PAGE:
The whole year will almost certainly be cooler than recent years, although temperatures remain above the historical average.
Global temperatures vary annually according to natural cycles. For example, they are driven by shifting ocean currents, and dips do not undermine the case that man-made greenhouse gas emissions are causing long-term global warming, climate scientists say.
Chillier weather this year is partly because of a global weather pattern called La Nina that follows a periodic warming effect called El Nino.
"We can expect with high probability this year will be cooler than the previous five years," said Omar Baddour, responsible for climate data and monitoring at the WMO.
"Definitely the La Nina should have had an effect, how much we cannot say."
"Up to July 2008, this year has been cooler than the previous five years at least. It still looks like it's warmer than average," added Baddour.
The global mean temperature to end-July was 0.28 degrees Celsius above the 1961-1990 average, the UK-based MetOffice Hadley Centre for climate change research said on Wednesday. That would make the first half of 2008 the coolest since 2000.
"Of course at the begining of the year there was La Nina, and that would have had the effect of suppressing temperatures somewhat as well," Met Office meteorologist John Hammond said.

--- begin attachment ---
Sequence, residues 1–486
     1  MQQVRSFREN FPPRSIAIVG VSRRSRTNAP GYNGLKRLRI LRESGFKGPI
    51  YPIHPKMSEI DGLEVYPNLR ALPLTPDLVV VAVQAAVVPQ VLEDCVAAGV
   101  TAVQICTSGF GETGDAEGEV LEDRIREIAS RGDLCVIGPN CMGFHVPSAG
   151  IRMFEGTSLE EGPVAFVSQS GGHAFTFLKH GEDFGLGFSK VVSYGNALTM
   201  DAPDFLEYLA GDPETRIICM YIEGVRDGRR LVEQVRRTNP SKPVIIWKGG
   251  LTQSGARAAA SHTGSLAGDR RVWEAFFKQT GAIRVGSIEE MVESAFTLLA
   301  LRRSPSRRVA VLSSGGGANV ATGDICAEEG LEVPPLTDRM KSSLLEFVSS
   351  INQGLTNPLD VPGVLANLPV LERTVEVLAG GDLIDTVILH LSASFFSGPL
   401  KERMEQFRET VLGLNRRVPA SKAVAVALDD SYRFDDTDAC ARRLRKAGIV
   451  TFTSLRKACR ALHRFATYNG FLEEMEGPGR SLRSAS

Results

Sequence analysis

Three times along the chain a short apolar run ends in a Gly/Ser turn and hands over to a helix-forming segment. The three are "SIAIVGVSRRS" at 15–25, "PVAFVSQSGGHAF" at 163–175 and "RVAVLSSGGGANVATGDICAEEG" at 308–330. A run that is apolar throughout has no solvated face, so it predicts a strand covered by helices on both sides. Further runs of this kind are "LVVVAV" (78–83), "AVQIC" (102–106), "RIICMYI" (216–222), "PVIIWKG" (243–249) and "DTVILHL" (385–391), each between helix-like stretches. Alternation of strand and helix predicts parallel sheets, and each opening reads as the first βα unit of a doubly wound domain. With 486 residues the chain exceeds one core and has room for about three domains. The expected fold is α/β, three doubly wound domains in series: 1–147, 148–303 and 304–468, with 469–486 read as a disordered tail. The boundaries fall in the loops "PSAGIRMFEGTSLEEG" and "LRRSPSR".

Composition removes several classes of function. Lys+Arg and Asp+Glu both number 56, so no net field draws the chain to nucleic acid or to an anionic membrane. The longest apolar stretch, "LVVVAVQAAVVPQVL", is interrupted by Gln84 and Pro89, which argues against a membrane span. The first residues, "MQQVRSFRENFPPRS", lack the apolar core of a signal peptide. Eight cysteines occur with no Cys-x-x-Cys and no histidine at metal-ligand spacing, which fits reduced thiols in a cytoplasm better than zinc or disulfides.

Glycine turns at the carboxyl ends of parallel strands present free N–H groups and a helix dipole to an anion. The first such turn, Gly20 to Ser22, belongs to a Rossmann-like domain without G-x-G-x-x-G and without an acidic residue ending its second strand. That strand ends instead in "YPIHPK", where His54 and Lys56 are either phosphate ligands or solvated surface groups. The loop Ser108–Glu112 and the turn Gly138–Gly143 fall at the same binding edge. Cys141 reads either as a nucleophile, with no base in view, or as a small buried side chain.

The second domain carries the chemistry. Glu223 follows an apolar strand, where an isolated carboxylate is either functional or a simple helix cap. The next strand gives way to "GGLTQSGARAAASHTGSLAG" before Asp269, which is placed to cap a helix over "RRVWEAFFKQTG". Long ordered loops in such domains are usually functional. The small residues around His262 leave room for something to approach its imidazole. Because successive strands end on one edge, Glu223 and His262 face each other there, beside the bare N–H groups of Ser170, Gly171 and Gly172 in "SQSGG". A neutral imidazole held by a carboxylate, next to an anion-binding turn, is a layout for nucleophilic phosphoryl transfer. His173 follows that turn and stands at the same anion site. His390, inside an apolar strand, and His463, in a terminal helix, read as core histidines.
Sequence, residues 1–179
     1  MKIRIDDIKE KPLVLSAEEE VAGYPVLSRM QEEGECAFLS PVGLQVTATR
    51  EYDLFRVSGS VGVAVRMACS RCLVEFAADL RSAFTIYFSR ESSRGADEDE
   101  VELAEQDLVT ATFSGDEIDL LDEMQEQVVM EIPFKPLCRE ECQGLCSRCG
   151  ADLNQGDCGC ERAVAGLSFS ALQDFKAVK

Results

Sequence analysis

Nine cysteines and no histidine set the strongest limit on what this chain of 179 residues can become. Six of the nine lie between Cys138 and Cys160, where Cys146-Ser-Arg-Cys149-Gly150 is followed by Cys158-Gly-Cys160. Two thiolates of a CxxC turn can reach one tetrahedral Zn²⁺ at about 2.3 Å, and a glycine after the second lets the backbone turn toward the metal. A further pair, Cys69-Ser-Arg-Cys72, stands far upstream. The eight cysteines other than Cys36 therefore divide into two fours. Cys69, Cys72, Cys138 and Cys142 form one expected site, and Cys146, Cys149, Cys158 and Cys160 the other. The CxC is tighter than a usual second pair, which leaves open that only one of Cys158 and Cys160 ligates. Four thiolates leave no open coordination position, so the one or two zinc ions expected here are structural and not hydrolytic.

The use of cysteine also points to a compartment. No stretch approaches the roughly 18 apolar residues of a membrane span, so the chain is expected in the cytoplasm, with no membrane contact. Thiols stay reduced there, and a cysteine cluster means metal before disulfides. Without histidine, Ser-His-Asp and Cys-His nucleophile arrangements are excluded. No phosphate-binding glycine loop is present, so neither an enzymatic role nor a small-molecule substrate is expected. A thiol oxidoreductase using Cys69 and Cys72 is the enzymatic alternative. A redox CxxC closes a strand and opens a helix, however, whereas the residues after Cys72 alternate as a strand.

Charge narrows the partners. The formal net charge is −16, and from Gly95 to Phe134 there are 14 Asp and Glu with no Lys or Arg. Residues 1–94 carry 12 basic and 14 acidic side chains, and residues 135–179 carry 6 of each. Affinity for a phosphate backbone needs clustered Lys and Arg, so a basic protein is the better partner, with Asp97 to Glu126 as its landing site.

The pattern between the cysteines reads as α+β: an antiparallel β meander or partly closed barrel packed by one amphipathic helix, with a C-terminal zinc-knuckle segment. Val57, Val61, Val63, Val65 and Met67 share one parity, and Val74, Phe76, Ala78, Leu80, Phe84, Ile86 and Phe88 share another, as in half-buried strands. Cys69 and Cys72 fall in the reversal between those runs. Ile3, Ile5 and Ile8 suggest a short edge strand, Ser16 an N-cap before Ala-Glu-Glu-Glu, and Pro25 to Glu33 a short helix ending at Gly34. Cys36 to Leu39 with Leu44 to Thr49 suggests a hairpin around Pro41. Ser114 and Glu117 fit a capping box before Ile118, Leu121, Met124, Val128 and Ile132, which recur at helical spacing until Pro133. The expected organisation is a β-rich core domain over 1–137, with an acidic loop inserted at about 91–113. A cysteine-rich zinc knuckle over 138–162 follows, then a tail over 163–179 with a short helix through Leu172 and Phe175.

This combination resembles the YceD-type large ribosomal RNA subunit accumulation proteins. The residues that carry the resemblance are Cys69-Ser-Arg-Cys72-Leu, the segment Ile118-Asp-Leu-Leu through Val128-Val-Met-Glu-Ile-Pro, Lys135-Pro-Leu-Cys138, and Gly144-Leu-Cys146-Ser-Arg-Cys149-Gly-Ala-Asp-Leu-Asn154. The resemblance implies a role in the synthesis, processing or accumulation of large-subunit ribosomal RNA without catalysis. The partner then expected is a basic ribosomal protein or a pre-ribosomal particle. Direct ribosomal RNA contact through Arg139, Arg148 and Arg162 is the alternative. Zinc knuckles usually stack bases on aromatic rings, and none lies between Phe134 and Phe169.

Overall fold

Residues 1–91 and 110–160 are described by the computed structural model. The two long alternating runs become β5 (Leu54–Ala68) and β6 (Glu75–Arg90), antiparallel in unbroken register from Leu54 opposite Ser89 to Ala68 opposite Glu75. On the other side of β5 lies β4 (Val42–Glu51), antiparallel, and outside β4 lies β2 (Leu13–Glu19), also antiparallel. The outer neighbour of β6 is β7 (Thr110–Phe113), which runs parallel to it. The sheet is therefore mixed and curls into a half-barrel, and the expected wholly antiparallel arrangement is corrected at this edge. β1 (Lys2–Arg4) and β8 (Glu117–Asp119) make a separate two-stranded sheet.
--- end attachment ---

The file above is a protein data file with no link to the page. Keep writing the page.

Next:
"But actually La Nina is showing signs of moving towards a more neutral state."
The weakening of the La Nina effect over the last few months could see the global mean temperature creep up again in the latter part of the year, he added.
The past decade ending in 2007 was the hottest since reliable records began around 1850, according to the WMO. World temperatures are about 0.74 Celsius (1.2 F) higher than a century ago.
The UN Intergovernmental Panel on Climate Change (IPCC), a group of hundreds of scientists, last year said global warming was "unequivocal" and that manmade greenhouse gas emissions were very likely part of the problem.
The WMO releases its final figures for global temperature and ranking for 2008 in December.